As impressive as NVIDIA's GeForce GTX 1080 GPU is, its high price of $599 is tough to stomach for even the most dedicated gamers. That's where the mid-range GTX 1070 comes in: It's almost as fast as its more powerful sibling, but it starts at a more reasonable $379. That's still a hefty chunk of change, but for the money it can tackle pretty much every game today (and likely for the next year or two) without breaking much of a sweat. That's not too shabby for a mid-range video card.
Due to travel (Computex was quite the trip) as well as limited supply from NVIDIA, it's admittedly taken me a while to put the GTX 1070 through its paces. But now that I've had some time with it, I can say without a doubt that the 1070 is an intriguing GPU. Even NVIDIA admits that among this generation of cars, this is the one most consumers will likely end up going for. Rounding out the lineup, the company also announced the lower-end GTX 1060 this week, which is quite the bargain at $249. The GTX 1070 is NVIDIA's second card based on its 16 nanometer Pascal architecture, and it packs in 8GB of GDDR5 RAM and clock speeds between 1.5GHz and 1.7GHz. The company claims it pumps out 6.5 teraflops worth of computing power, compared with the 1080's nine teraflops.
I tested the slightly pricier $449 Founders Edition of the card, which sports the same elaborate metallic heatsink design as the 1080 Founders version. It has three DisplayPort connections, one HDMI port, one DVI port and is powered by a single eight-pin connector. Let's get to what you're really here for: benchmarks! Not surprisingly, the GTX 1070 sits right between AMD's $240 Radeon RX480 8GB card and the GTX 1080 in terms of performance on my rig (a 4GHz Core i7-4790K CPU, 16GB of 2400Mz DDR3 RAM and a 512GB Crucial MX100 SSD on a ASUS Z97-A motherboard). But it also consistently bests the Radeon R9 Fury X, which was AMD's flagship card from last year. (Unfortunately, I didn't have a GTX 970 or 980 Ti to benchmark.) Rather than pining for 60 fps 4K performance, I've settled on 1440p (2,560 by 1,440 pixels) as my ideal gaming resolution.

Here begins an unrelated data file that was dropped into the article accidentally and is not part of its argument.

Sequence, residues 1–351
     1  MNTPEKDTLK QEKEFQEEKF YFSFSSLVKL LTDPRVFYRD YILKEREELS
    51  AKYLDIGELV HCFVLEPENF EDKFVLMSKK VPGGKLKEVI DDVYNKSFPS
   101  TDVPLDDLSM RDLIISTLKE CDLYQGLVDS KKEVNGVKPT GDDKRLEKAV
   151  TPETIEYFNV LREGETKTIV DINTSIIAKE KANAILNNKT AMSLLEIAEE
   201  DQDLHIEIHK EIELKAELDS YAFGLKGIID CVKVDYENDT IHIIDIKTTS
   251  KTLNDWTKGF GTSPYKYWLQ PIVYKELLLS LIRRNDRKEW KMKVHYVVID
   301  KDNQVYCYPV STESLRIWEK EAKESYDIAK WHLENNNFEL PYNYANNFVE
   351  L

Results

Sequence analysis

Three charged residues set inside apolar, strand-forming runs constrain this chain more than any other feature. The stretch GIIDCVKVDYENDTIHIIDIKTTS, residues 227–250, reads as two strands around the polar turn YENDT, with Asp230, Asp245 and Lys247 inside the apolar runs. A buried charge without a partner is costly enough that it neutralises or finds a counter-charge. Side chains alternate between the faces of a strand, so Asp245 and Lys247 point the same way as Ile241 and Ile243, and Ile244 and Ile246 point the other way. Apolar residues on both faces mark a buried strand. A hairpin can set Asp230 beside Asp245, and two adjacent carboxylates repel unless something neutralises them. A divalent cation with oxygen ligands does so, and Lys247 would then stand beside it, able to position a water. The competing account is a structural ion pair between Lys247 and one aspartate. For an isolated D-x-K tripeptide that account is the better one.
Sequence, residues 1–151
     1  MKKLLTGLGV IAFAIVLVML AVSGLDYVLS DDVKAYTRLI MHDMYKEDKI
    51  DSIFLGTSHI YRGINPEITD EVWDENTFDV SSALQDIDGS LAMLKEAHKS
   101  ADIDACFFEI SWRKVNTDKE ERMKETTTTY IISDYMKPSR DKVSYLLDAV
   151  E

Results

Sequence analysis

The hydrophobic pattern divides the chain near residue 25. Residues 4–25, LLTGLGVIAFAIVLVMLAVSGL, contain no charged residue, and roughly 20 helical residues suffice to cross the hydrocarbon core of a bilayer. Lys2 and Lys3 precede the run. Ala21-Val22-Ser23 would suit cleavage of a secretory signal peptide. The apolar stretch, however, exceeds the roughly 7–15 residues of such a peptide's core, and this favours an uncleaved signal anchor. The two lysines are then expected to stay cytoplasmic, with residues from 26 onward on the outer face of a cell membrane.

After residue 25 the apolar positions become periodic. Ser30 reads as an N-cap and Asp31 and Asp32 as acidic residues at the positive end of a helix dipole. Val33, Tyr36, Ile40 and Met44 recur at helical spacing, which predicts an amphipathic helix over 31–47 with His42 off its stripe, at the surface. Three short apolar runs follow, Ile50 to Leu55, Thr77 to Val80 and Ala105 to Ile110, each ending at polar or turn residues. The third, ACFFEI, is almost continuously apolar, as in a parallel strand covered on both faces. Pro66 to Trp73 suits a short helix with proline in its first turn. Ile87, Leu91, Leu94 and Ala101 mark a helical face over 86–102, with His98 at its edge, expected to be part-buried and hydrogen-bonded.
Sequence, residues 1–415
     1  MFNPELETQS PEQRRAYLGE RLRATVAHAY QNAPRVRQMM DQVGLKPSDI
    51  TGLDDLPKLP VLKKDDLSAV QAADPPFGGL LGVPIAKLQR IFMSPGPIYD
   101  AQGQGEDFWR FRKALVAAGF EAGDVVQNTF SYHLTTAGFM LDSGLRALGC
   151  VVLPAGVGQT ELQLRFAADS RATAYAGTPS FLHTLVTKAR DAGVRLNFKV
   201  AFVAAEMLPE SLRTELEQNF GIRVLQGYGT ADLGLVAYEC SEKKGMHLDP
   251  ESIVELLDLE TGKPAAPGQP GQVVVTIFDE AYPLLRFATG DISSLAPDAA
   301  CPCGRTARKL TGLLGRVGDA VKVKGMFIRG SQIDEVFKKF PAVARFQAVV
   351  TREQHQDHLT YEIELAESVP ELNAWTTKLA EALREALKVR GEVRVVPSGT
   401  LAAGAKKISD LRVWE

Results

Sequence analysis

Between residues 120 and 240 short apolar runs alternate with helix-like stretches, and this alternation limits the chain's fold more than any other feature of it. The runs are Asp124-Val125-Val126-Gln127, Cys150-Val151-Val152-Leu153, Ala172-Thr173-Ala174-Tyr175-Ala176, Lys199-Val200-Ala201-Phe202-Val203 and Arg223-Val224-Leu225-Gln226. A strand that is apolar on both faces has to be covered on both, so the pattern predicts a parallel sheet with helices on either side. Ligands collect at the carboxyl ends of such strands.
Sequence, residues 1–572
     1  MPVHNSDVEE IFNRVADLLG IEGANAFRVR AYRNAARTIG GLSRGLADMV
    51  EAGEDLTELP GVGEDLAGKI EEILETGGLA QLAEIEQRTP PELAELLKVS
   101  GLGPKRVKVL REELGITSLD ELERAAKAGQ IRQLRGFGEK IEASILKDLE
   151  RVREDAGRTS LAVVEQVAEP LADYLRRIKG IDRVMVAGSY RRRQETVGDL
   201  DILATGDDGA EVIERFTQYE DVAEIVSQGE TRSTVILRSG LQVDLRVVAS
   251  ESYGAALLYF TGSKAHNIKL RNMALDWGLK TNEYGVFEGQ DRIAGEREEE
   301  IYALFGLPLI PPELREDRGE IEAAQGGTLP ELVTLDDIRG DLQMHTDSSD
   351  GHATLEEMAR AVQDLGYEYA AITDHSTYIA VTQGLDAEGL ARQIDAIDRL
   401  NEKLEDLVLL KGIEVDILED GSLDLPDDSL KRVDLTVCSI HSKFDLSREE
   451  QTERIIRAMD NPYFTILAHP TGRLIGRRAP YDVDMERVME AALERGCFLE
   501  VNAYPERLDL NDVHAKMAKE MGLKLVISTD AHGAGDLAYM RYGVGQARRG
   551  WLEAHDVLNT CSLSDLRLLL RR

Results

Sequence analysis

Given that AMD's cheaper RX 480 had no trouble with VR, I didn't expect any hiccups with the GTX 1070. Indeed, it didn't disappoint.
|NVIDIA GeForce GTX 1070||Standard 13,918/ Extreme 7,703/ Ultra 4,110||X7,778|
|NVIDIA GeForce GTX 1080||Standard 15,859/ Extreme 9,316/ Ultra 5,021||X9,423|
|AMD R9 Fury X||Standard 13,337/ Extreme 7,249/ Ultra 3,899||X,6457|
|AMD Radeon RX 480||Standard 10,279/ Extreme 5,146/ Ultra 2,688||X4,588|
Dogfighting in Eve: Valkyrie was fast-paced and didn't show any sign of slowdown, and exploring alien environments in Oculus' Farlands felt as immersive as ever. In fact, I didn't notice any performance difference from the GTX 1080 with VR. When the GTX 1070 was announced, it seemed like the ideal affordable choice for PC gaming. Since then, though, we've seen the $200 AMD RX 480 debut, and NVIDIA announced the GTX 1060, a $249 option of its own. So where does that leave the 1070? Based on what I've seen so far, it's still a better option than the RX 480 and 1060 if you want to play at 1440p, or simply want a GPU that can handle next year's games. And, of course, you've also got the option of picking up another GTX 1070 to run in SLI mode in a year or so, as well as overclocking to get some extra performance free. It's hard to call a $379 video card affordable, but when you're comparing it to a $599-and-up card, it seems a lot more palatable. And when you put it in context, as a GPU that trounces the cream of the crop from last year, the GTX 1070 is undeniably a great value.